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Sunday, November 29, 2009

When I Lost You

By Irving Berlin
1912

A truly heartbreaking song, and one of the most personal of standards. Berlin wrote it following the typhoid fever death of his wife of five months, a singer named Dorothy Goetz. Berlin himself made the first recording of it, and it soon became his first hit ballad. A simple waltz with bittersweet harmony and diminished seventh chords, it was the only song born so directly of the composer's personal pain.

Lyrics:

I lost the sunshine and roses,
I lost the heavens of blue.
I lost the beautiful rainbow,
I lost the morning dew.

I lost the angel who gave me
Summer the whole winter through.
I lost the gladness that turned into sadness,
When I lost you.

Recorded By:

Frank Sinatra
Bing Crosby
Tony Bennett
Jessica Molaskey
Maude Maggart

Tuesday, November 24, 2009

Stompin' at the Savoy

By Edgar Sampson & Andy Razaf
1934

A jumping jazz standard composed by Sampson, the alto saxophonist for Chick Webb's orchestra. Although Webb recorded it first, Benny Goodman's recording shortly thereafter would be the bigger hit. Although both bandleaders had their names credited to the song, in actuality they did not contribute to its writing.

Lyrics:

Savoy, the home of sweet romance,
Savoy, it wins you with a glance,
Savoy, gives happy feet a chance to dance.

Your old form just like a clinging vine,
Your lips so warm and sweet as wine,
Your cheek so soft and close to mine, divine.

How my heart is singing,
While the band is swinging,
I'm never tired of romping,
And stomping with you at the Savoy.
What joy - a perfect holiday,
Savoy, where we can glide and sway,
Savoy, let me stomp away with you.

Recorded By:

Ella Fitzgerald & Louis Armstrong
Harry Connick Jr.
Nina Simone
Teddy Wilson
Michel Legrand

Monday, November 23, 2009

By the Light of the Silvery Moon

By Gus Edwards & Edward Madden
1909

A turn-of-the-century chestnut that instantly evokes that specific pre-World War I era in America. It was one of several "moon" songs that were popular at the time, and would later become a very nostalgic tune during the 1930s, 1940s and 1950s. It was the title of a 1953 Doris Day musical, and was even sung by Zero Mostel in The Producers. It was introduced in 1909 by Ada Jones (recording in the video below).

Lyrics:

Place: Park
Scene: Dark
Silv'ry Moon is shining through the trees,
Cast: Two,
Me, you,
Sound of kisses floating on the breeze;
Act one: begun,
Dialogue "Where would ya like to spoon?"
My cue: with you,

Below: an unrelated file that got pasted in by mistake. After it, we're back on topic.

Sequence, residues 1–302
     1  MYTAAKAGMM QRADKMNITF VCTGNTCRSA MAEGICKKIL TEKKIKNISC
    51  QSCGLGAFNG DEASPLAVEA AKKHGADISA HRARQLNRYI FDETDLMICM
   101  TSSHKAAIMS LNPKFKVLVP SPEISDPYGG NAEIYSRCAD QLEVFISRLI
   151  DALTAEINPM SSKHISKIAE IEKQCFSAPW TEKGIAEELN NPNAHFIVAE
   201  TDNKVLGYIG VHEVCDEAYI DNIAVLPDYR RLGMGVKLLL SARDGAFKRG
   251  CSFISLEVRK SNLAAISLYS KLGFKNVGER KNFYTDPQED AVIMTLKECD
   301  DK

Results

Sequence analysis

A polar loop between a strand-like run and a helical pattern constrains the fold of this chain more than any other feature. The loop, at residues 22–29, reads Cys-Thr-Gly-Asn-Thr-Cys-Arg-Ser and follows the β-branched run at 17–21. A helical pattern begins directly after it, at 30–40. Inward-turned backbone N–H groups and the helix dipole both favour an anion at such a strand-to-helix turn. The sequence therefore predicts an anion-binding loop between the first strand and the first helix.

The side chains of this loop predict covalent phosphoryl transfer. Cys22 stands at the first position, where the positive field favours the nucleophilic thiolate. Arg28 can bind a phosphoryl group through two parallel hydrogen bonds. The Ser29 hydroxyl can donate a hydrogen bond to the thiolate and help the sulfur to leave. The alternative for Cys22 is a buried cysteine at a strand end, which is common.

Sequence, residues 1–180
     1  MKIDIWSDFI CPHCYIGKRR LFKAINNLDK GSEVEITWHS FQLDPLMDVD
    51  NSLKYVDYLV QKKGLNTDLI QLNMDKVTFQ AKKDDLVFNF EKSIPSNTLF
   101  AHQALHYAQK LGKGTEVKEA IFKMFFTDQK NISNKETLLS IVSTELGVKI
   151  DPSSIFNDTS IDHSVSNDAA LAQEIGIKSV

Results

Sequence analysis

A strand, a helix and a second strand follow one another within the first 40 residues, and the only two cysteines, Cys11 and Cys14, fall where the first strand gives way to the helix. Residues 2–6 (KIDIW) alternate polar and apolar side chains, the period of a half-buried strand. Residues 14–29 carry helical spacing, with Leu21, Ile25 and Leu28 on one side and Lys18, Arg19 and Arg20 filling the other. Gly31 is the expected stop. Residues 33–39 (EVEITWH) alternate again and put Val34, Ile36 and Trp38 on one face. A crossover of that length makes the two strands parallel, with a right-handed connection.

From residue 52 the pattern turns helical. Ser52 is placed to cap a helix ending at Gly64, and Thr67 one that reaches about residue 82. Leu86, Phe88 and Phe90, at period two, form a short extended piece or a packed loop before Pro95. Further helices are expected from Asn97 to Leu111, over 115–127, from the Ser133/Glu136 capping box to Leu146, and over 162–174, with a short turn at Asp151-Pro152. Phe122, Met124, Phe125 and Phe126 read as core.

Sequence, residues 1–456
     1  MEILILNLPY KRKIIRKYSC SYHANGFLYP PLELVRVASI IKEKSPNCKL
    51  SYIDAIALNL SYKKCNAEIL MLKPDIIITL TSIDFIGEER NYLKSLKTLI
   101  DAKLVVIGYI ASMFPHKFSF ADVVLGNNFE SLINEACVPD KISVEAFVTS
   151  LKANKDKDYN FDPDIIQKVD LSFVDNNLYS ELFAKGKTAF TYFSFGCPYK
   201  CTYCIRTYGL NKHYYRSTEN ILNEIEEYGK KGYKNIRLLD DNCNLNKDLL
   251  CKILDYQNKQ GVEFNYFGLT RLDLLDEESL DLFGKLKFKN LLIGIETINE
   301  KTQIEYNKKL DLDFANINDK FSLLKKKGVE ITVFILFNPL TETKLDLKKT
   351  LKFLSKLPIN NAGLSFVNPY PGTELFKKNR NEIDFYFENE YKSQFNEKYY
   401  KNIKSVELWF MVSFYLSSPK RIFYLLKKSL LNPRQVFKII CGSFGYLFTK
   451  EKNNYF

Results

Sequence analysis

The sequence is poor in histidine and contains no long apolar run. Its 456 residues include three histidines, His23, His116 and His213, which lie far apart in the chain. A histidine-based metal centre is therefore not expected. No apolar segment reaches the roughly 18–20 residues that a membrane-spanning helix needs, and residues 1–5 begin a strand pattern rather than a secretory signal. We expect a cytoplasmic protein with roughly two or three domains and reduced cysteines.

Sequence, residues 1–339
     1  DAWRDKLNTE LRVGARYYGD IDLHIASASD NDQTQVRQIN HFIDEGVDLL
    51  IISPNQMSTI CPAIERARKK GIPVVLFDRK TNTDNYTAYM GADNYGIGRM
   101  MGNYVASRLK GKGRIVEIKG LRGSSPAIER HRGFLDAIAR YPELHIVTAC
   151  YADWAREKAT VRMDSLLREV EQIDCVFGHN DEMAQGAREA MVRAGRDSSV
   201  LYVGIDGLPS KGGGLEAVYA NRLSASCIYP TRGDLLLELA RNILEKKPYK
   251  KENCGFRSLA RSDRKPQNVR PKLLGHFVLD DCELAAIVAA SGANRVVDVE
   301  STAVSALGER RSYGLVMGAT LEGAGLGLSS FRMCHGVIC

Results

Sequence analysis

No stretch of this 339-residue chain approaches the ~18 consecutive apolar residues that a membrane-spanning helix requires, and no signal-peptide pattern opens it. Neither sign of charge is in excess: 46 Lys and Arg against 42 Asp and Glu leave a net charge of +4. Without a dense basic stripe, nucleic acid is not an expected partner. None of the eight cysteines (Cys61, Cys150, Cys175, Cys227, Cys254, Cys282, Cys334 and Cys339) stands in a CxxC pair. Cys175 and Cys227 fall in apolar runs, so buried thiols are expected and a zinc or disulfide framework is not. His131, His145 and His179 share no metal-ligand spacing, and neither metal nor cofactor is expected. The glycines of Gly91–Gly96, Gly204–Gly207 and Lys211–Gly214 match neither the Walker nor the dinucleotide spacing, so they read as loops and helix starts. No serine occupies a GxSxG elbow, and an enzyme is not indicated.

Underneath the silv'ry moon.

By the light, of the silvery moon,
I want to spoon,
To my honey I'll croon love's tune.

Honey moon, keep a-shinin' in June.
Your silv'ry beams will bring love's dreams,
We'll be cuddlin' soon, by the silvery moon.

Recorded By:

Doris Day
Gene Vincent
Fats Waller
Julie Andrews
Al Jolson

Friday, November 20, 2009

Autumn in New York

By Vernon Duke
1934

What a perfect time to spotlight this sublime piece of popular music, wouldn't you say? Prolific composer Duke wrote it for the Broadway musical Thumbs Up!, in which it was first performed by J. Harold Murray. It would not become a popular standard for singers and musicians, however, until about a decade later.

Lyrics:

Autumn in New York--
Why does it seem so exciting?
Autumn in New York--
It spells the thrill of first-nighting.

Shimmering clouds and glimmering crowds
In canyons of steel--
They're making me feel I'm home.

It's autumn in New York
That brings a promise of new love.
Autumn in New York--
Is often mingled with pain.

Dreamers with empty hands
All sigh for exotic lands.
It's autumn in New York--
It's good to live it again.

This autumn in New York
Transforms the slums into Mayfair.
Autumn in New York--
You'll need no castles in Spain.

Lovers that bless the dark
On benches in Central Park.
It's autumn in New York,
It's good to live it again.

Recorded By:

Ella Fitzgerald
Billie Holiday
Frank Sinatra
Jo Stafford
Charlie Parker

Thursday, November 19, 2009

Thou Swell

By Richard Rodgers & Lorenz Hart
1927

A Rodgers & Hart favorite, composed for the stage production of their musical, A Connecticut Yankee. It was first sung on stage by William Gaxton and Constance Carter, the stars of the original version. The clever lyrics are well-known for blending old-style English with 1920s slang.

Lyrics:

Thou swell! Thou witty!
Thou sweet! Thou grand!
Wouldst kiss me pretty?
Wouldst hold my hand?

Both thine eyes are cute too;
What they do to me.
Hear me holler I choose a Sweet lollapaloosa in thee.

I'd feel so rich in a hut for two;
Two rooms and a kitchen I'm sure would do;
Give me just a plot of,
Not a lot of land,
And Thou swell! Thou Witty! Thou Grand!

Recorded By:

Nat King Cole
Sarah Vaughan
Frank Sinatra
Blossom Dearie
Joe Williams

Wednesday, November 18, 2009

Chicago (That Toddlin' Town)

By Fred Fisher
1922

Oddly enough, although this song was published first in 1922, it remained relatively obscure and unperformed for 17 years, until it was reintroduced in the Astaire/Rogers vehicle The Story of Vernon and Irene Castle. When first published, it was popularized locally in the Windy City by vaudeville singer Blossom Seeley. Today one of the great themes of one of America's greatest cities, it received it's most famous recording by Frank Sinatra on the soundtrack to the 1957 movie The Joker Is Wild.